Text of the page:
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This smacks of the same problem that the old VCR's used to have. One of you are out of sync. The tape records on a portion of the tape in a sort of straight line track. Think of it as your track is down 1/16" from the top. The other camera tracks it's video down 1/8" instead. That's why in playback it can't read it. The only cure is a realignment.
Check the following link. Call them and explain the symptoms and they
should send shipping label to you so you can send the camcorder in for
repair. I had my TRV38 repaired in about 2 weeks. Good luck.
Don't know about the slow motion, but the noise is usually from dirty heads. Just like a cassette player it needs them cleaned periodically. Dip a Q-tip in rubbing alcohol and rub over the entire path the tape takes. You'll see a little block that actually reads the tape. Thats what you need to clean.
Make sure you eject the tape and remove the battery while the tape drive is open to clean it. Rubbing alcohol dries fast but give it an extra ten minutes and check it again.
Video recorder while the heads were dirty will not change however new video should be clean.
You may also have a bent tape carrier that is putting your video off track. It needs to be pushed or pulled to realign it.
It it's not the cause though, this can make playing back the earlier tapes more difficult since they will read and record in a slightly different part of the tape.
I had the same problem but lucky for me my camera was still under warranty. After sending it for repairs and to my amazement, panasonic replaced my LCD and LENS (what?) and it worked fine. They did mention about a manual reset. Not the button thing you press. I was bewildered but happy the audio levels are working. But soon after then, I found out I couldn't capture my old tapes that i previously recorded!
It brings to mind that the drum is not picking up the time code track from the previous pass nor is it able to lay down a new suitable track. Have you tried a dry type cleaning tape? It sounds like you have a clogged head. Other possiblities will involve repair. Drum connection problems can occur for instance. If you are using maxell tape you have a higher percentage of possible cleaning issues.
while your monitoring the sound when recording it cuts out or while you playback the tape it dropps out? if it's noticed during playback it's one 3 things. the heads are dirty, the tape tension is low or the heads are bad. send it to video tech service in sacramento. that guy is super cool.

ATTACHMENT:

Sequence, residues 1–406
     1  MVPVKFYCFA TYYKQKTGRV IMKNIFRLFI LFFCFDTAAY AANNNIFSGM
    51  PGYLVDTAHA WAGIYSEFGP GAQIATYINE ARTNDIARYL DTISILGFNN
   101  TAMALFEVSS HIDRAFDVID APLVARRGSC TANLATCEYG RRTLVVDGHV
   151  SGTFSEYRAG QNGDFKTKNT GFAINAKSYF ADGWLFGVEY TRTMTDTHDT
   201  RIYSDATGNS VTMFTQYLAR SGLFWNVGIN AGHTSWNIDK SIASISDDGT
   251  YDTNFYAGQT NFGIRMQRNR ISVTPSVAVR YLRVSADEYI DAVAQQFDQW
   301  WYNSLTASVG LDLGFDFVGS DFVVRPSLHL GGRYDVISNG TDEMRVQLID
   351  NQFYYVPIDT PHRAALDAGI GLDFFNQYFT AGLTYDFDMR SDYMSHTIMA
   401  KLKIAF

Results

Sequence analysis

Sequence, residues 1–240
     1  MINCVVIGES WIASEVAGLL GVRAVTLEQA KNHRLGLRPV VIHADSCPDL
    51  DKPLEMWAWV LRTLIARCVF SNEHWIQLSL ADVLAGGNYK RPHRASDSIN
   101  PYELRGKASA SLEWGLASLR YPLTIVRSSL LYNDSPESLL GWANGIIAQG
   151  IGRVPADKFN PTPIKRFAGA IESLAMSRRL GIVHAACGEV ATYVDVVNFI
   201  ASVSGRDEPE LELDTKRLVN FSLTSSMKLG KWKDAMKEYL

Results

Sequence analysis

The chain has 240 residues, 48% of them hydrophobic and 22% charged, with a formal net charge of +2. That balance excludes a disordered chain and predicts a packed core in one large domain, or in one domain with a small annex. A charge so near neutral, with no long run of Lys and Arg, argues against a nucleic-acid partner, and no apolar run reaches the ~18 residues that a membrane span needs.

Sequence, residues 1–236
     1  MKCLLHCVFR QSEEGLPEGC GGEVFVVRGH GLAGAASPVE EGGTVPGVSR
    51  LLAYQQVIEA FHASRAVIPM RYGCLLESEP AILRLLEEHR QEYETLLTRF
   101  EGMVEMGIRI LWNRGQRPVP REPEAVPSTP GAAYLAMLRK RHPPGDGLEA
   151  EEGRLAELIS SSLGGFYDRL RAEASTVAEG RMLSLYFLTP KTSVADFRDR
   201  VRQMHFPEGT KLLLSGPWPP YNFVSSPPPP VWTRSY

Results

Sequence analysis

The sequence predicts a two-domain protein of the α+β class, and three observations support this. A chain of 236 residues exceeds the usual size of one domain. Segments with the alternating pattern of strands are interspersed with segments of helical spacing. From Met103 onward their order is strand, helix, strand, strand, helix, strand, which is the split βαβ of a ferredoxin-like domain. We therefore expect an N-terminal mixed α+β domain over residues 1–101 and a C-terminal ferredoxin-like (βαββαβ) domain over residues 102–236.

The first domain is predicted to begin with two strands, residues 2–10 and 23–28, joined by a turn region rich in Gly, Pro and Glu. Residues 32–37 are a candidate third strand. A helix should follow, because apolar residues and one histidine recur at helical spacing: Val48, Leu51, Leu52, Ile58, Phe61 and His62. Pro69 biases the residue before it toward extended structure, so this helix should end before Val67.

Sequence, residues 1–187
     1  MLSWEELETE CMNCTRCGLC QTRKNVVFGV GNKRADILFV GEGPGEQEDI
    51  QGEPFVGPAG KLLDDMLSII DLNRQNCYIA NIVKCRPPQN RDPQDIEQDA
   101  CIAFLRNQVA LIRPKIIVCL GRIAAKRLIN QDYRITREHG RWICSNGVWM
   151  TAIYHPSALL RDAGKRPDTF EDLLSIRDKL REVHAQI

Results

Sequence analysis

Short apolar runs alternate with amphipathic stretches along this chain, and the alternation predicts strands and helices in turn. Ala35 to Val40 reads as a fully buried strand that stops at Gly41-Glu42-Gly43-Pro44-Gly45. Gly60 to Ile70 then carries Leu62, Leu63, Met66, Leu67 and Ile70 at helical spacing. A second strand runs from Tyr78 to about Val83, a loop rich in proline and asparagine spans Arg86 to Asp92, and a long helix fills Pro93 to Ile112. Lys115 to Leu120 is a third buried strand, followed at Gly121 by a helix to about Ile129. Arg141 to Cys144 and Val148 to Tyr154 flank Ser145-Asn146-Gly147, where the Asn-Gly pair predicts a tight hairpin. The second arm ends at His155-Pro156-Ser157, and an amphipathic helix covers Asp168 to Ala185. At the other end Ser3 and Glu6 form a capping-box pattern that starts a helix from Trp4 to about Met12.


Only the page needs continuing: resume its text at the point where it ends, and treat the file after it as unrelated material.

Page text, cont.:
You may want to check the record lockout safety switch located on the tape. This button can get moved by accident and the camera will refuse to record on that tape. Also, be sure the camera is in "video" mode, not "photo" mode. Some of Canons camcorders have a digital still camera mode which stops the camcorder from functioning because the photos are being recorded to a memory card and not your tape, please check this swithc as well.
Audio Dubbing on DV:
Here's how you do this: Play your tape on the TRV-9 and feed the signal into the TRV-900, using the Firewire connector. Set the TRV-900's audio option to record in the 12-bit mode. When this is done, you will have the video re-recorded on the TRV-900 and the audio laid down on the primary 12-bit audio channel. Then, you can run the tape back through for a 2nd pass in the TRV-900, with the recorder set to the audio-dubbing mode. The audio you put into the TRV-900 this time, will be recorded on the secondary 12-bit channel. You can select either 12-bit channel when you play the edited tape back or you can mix both stereo channels into the output.
Once you record on the 16-bit channel, you can't dub audio back onto that recording, without erasing the original channel, as the recording space for both 12-bit channels is occupied. You can't selectively re-record just audio onto the 16-bit channel either, without the video being re-recorded along with it. Both video and audio are sent over the same Firewire connector, so you can't input them from mixed sources, as you can with analog recordings.
Only the secondary 12-bit audio channel can be used in the audio-dubbing mode. You can't dub onto the 16-bit channel or onto the primary 12-bit channel. The primary 12-bit channel can be used only when you're recording video along with it.